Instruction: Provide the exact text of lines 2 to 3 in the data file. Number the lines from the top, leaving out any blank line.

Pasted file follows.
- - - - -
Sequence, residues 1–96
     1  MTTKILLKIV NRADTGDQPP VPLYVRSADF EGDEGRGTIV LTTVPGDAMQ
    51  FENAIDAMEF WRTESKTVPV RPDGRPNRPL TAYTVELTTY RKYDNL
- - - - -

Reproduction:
     1  MTTKILLKIV NRADTGDQPP VPLYVRSADF EGDEGRGTIV LTTVPGDAMQ
    51  FENAIDAMEF WRTESKTVPV RPDGRPNRPL TAYTVELTTY RKYDNL